Another potential limitation in our study is that APRI has not been extensively validated as a marker of non-HCV associated liver fibrosis. There is some evidence to suggest that it may be of more limited value in chronic HBV-infected individuals (36) and in patients with liver fibrosis related to alcohol consumption (37). Further investigation is needed to identify whether APRI as a predictor of significant fibrosis is reliable in all populations, and on the relative contributions of liver disease and alcohol-related platelet abnormalities in this index. However, as previously published, APRI has been validated among coinfected individuals in our cohort of patients (24), a result that is relevant to this analysis. Additionally, we did not limit our HIV/HCV subgroup analysis to patients with confirmed HCV viremia, so we could not account for spontaneous clearance of HCV, and did not have data on which of these patients had been treated for HCV, which would likely impact liver fibrosis.

Additionally, there is the potential that alcohol or other disease characteristics may impact the individual components of the APRI ratio. Alcohol consumption has been demonstrated to have various effects on hematalogic parameters, including platelet counts (46) and has effects on AST independent of liver disease (47) which may elevate APRI for reasons not reflecting liver pathology. Alcohol's effects on these hematologic and biochemical parameters in the presence of liver disease is not fully known (47). HIV itself also has hematologic effects, including thrombocytopenia, which is often multifactorial, but may be immune-modulated (48). We attempted to account for this by controlling for CD4 nadir and viral suppression, but cannot completely control for HIV effects on platelets.

Finally, we did not collect data on body mass index (BMI), glucose intolerance, or lipid parameters, which are associated with nonalcoholic fatty liver disease (49), likely another important contributor to liver fibrosis that warrants exploration.

Conclusions

This study examines the relationship between alcohol consumption and progression of liver disease among HIV infected individuals, a sizable proportion of whom are coinfected with viral hepatitis. As several recent studies have demonstrated, liver disease is an important comorbidity in patients with HIV. Consistent with the literature, we found that viral hepatitis was a major contributor to liver disease, and that and immunosuppression also plays a role in liver disease progression. Importantly, we also demonstrated that alcohol abuse is a significant, independent risk for the presence of liver fibrosis. Mehta et al demonstrated low referral rates and limited effectiveness for HCV treatment in a subset of the JHHCC (50). Thus, identifying additional modifiable risk factors in disease progression is an important goal in addressing the growing burden of liver disease. Alcohol consumption is a major modifiable risk factor for liver disease, and is has already been shown to adversely impact adherence and disease progression in HIV.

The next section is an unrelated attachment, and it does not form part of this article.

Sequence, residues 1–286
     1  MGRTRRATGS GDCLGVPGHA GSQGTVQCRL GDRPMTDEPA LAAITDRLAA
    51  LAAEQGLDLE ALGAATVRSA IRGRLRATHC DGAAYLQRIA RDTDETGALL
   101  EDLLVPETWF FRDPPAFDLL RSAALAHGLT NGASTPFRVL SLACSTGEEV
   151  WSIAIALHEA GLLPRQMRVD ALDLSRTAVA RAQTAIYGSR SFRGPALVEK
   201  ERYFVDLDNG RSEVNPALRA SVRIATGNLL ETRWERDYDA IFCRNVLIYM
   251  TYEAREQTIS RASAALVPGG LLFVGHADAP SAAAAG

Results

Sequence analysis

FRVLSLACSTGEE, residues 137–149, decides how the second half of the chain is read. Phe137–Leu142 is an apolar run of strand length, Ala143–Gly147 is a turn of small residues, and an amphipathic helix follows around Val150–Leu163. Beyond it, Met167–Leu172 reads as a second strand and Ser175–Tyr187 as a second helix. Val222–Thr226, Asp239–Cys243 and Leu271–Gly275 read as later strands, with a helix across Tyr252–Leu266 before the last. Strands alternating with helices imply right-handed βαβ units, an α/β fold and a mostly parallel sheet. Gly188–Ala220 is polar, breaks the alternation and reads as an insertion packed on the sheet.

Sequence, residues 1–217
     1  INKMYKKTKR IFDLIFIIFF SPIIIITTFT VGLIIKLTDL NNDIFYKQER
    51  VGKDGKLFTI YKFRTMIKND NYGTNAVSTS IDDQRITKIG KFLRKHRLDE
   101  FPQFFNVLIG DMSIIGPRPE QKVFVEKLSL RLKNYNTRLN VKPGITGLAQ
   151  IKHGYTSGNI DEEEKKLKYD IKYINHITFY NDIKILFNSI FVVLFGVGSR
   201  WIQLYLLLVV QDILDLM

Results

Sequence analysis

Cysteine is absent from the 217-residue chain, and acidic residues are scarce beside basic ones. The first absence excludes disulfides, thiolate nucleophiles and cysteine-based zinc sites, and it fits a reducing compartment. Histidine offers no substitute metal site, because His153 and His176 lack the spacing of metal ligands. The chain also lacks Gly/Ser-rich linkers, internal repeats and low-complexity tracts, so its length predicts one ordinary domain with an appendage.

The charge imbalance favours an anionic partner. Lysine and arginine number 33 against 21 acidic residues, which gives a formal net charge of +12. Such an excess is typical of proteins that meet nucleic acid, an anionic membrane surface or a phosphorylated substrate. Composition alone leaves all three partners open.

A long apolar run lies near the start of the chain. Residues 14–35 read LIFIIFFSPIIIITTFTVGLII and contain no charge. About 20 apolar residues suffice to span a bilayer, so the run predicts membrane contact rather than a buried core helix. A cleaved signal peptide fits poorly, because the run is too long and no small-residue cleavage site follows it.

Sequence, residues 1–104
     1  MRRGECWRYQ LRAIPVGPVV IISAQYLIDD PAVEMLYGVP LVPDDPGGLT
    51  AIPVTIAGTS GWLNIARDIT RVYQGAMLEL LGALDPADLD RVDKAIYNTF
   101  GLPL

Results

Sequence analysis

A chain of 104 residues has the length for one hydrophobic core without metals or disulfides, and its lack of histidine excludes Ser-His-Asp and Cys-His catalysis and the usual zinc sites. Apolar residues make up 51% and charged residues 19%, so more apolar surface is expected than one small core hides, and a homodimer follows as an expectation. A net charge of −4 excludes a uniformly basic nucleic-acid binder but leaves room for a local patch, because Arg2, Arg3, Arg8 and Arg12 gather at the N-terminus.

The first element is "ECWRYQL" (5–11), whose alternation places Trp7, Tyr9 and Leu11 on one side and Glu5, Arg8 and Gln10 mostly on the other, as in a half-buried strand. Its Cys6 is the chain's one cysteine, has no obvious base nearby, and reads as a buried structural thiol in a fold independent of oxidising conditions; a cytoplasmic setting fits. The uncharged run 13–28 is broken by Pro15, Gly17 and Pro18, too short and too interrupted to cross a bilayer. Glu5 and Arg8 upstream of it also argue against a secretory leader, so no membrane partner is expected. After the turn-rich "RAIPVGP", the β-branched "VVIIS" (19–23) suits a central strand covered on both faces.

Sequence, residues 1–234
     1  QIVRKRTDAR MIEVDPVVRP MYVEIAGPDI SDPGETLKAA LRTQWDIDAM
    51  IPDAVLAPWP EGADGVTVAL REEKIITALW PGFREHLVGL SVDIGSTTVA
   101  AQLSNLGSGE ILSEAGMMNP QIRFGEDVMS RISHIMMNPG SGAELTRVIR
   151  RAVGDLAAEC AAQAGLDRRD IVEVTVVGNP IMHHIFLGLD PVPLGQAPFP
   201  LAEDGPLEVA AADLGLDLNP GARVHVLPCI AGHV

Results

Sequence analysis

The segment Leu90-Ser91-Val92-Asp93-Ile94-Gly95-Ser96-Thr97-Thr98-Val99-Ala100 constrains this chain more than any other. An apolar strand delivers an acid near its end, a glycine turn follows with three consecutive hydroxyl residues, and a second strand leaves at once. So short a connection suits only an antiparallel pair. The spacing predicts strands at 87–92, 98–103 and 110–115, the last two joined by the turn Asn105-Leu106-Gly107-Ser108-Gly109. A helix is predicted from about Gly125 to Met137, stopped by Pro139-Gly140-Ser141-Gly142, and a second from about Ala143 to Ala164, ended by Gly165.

Alcohol consumption is prevalent, and tends to be under-identified by health care providers, but evidence suggests that interventions to address alcohol in health care settings can work. Further work is necessary measuring the impact of alcohol on laboratory, pathological, and clinical outcomes of liver disease in HIV-infected and coinfected individuals to assess the true burden of alcohol-related liver disease and to determine whether any safe level of alcohol consumption exists. Still, our findings and the mounting evidence of the magnitude of liver-related morbidity and mortality suggest that addressing alcohol consumption will be an essential undertaking among both researchers evaluating HIV outcomes and clinicians caring for HIV-infected patients.

Table 4
Results of multivariate multinomial logistic regression (RRR with 95%CI). Correlates of increased APRI in HIV-infected patients without HCV infection, adjusted for age and self-reported race. Reference category is APRI<0.4. n=697.

Acknowldegements

This research was supported by the National Institute of Drug Abuse, grant numbers R01 DA11602 (Moore) and R01 DA16065 (Sulkowski) and National Institute on Alcoholism and Alcohol Abuse K23 AA015313 (Chander).